Modern parents need to get off the cellphone and engage in their child's life. Turn off the TV. Use the computer for education not Facebook or porn. Deprive yourselves a little for the benefit of your child.

Our community must also provide jobs for those who want one. We must address the large numbers of men who return from incarceration to nothing but the street. Community kitchens need to be opened to teach young men and women how to successfully cook from scratch, on a limited budget for their families.

The schools are already bending over backward addressing the gap. The root cause of the gap is that parenting is not "robust enough."

Donna Marie Kostreva, St. Petersburg

Judge: Athlete must sit out | Nov. 22

Twisted priorities

I would recommend that Michael Mazza rethink his statement of ,"I'm an athlete. It's what I do." In reality he is a high school student-athlete. He and his parents should reset their priorities.

Ronald Heimburger, Riverview

Navy was warned of contractor | Nov. 21

Scandal hits deep

Ever since this great country of ours has existed, its first and last bastion of strength, trust, honor and courage has been our military, along with the proud veterans who serve bravely to protect our way of life.

Then, there was Fat Leonard. He is the millionaire Malaysian contractor who used money, extravagant gifts and prostitutes to bribe numerous senior naval officers in exchange for sensitive naval ship arrival information, and then illegally manipulated over $200 million in government contracts. And to add additional salt to the taxpayers' wounds, this expensive and disgraceful shipyard payola included a Tampa connection: Commander Jose Luis Sanchez.

As a veteran myself, this total loss of moral and professional integrity by those we trusted with our overseas security hits deep. This includes every person who has served in the armed service, and every American who goes to sleep at night feeling safe and secure believing that our military is on the job.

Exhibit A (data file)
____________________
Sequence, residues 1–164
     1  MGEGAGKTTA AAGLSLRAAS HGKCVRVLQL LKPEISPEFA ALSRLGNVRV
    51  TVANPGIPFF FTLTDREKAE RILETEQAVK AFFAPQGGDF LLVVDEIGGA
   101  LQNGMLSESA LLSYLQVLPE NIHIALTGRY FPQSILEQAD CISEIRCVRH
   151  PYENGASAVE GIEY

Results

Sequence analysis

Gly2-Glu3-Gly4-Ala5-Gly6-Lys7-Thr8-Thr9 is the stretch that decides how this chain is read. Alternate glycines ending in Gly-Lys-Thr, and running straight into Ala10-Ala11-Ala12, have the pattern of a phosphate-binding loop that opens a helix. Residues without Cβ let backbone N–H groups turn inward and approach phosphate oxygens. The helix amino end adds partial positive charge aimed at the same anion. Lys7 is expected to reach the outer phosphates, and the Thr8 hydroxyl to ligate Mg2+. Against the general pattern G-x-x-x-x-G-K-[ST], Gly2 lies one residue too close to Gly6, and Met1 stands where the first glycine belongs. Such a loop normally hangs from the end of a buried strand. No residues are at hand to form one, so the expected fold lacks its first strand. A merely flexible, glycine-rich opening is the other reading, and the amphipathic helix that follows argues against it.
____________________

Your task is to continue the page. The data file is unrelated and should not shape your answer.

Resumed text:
Mike Merino, Tampa

Scientology celebration

A slap in the face

According to Clearwater Mayor George Cretekos, the Church of Scientology is a community neighbor worthy of positive recognition. Cretekos yearns for a closer relationship with this "civic" minded group. Yet, when this group conducted the grand opening of the largest, most costly building in the history of Clearwater, it is a private affair, with loads of security and no city officials allowed. What a slap in the face of our city leaders.

Of course, City Manager Bill Horne and his permit staff blustered and whined about how the Scientologists ignored city codes and made late demands on the city so that the annual awards ceremonies and dedication of the Flab Building would be a grand affair. Yet at the end of the day, permits were granted, police were hired and old downtown Clearwater became Hubbardville as originally planned.

If any citizen of Clearwater ventured into what was formerly downtown Clearwater last weekend, they would have found "downtown" is indeed the exclusive campus of Scientology. The marina is nice, but it is not a people attraction. The proposed aquarium, now being downsized, will probably never achieve its projected attendance numbers. The Capital Theatre is a beautiful facility, but not a game changer, and so on.